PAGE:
Christian marriage advice makes you want to avoid marriage entirely

One of the things that I find constantly amusing about covering the right is how defensive most of them are about being racist/sexist/homophobic/etc. There's a unique kind of cowardice to it, both wanting to push the idea that some people are naturally better than others, but not having the courage to admit that's what you're doing. Instead, you always get hilariously inept assertions that the bigoted opinion is not bigoted because reasons.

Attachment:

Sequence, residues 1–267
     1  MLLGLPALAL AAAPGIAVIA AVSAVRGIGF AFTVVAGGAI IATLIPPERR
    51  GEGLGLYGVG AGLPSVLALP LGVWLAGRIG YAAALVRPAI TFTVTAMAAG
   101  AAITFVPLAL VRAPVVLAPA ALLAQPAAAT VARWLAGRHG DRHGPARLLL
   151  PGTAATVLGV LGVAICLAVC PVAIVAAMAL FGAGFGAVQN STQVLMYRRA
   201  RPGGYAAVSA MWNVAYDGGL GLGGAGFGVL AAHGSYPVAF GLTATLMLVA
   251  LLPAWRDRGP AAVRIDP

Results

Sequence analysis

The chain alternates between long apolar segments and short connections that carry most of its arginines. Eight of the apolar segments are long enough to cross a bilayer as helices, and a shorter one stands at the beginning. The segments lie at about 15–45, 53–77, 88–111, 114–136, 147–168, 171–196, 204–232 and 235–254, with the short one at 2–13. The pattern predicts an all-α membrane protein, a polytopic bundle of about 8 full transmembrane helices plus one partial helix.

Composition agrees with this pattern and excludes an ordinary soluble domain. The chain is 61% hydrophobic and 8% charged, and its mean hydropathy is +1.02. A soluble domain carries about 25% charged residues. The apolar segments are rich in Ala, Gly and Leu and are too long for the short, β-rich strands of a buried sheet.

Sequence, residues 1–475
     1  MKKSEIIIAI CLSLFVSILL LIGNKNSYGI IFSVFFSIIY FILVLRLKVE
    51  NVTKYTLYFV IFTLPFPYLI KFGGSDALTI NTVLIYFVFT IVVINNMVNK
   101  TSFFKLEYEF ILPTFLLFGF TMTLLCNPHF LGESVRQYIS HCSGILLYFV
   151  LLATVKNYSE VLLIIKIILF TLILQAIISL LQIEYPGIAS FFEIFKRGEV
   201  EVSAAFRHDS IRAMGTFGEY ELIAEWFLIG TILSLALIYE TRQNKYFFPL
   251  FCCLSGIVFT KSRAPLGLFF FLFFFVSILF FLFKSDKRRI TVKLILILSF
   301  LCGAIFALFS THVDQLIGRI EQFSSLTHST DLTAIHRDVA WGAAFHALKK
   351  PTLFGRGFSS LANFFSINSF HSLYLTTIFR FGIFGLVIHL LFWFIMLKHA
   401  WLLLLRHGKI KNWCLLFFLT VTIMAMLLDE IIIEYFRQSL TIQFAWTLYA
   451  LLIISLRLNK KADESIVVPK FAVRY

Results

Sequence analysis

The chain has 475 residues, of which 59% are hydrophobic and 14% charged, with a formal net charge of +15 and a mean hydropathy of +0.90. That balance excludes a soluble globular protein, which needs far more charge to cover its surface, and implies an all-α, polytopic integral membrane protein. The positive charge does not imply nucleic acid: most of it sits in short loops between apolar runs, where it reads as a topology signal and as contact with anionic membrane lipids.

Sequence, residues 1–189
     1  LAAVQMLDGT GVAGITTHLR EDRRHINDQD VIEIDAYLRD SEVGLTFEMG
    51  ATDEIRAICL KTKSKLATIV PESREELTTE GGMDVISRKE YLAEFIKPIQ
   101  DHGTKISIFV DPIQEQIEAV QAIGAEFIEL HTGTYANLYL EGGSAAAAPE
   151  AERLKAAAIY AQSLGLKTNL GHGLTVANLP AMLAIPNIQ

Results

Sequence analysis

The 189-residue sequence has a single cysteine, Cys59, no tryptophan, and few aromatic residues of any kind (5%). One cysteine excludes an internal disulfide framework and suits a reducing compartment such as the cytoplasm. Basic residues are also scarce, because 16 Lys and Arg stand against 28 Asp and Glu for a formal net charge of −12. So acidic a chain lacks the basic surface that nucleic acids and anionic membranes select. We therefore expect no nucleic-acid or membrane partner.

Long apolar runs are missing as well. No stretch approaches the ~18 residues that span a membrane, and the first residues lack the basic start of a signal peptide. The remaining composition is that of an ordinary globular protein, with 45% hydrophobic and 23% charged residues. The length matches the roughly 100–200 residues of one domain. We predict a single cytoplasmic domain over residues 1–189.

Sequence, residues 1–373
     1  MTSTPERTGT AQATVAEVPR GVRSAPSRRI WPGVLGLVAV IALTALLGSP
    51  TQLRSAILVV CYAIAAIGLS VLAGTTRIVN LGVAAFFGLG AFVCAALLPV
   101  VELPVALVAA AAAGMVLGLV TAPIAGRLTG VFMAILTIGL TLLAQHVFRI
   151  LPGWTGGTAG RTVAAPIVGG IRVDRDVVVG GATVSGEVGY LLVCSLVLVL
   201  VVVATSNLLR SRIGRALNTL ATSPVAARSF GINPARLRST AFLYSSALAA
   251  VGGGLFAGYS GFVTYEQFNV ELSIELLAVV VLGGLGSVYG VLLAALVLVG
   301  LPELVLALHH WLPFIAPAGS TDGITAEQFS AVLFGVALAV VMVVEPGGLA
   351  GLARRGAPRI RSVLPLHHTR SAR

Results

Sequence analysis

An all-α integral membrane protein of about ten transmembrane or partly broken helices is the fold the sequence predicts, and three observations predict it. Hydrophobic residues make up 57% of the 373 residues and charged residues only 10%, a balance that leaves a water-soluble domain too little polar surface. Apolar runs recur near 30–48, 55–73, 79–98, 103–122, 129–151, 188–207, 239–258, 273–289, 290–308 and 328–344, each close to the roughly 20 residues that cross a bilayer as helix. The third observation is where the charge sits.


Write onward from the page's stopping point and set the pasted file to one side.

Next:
Hat tip to Jesse Taylor for drawing my attention to this amazing post at a Christian right website called Family Share. Titled "5 ways you are unknowingly destroying your husband and killing your marriage", the piece is typical sexist fundamentalist garbage that teaches women to flatter and tip-toe around the man in their house in a dutiful manner. But you can just tell that the editors at the site were all worried that this would be perceived as sexist. Which is 100% correct, because it is sexist. But instead of simply not publishing the sexist tripe to avoid accusations of sexism, they try to have it both ways, with a disclaimer at the top and bottom. "Here are just a few ways you might be unknowingly destroying your husband and killing your marriage (as a caveat, please understand that although this article is directed toward women, it applies to men as well)" it reads at the top, caveat bolded for extra protection against accusations of sexism. Then, at the bottom, attempt #2: "UPDATE: Men, this advice applies to you as well. Check out 5 ways you are unknowingly destroying your wife and killing your marriage." See?! It can't be sexist, because they say the advice is samesies!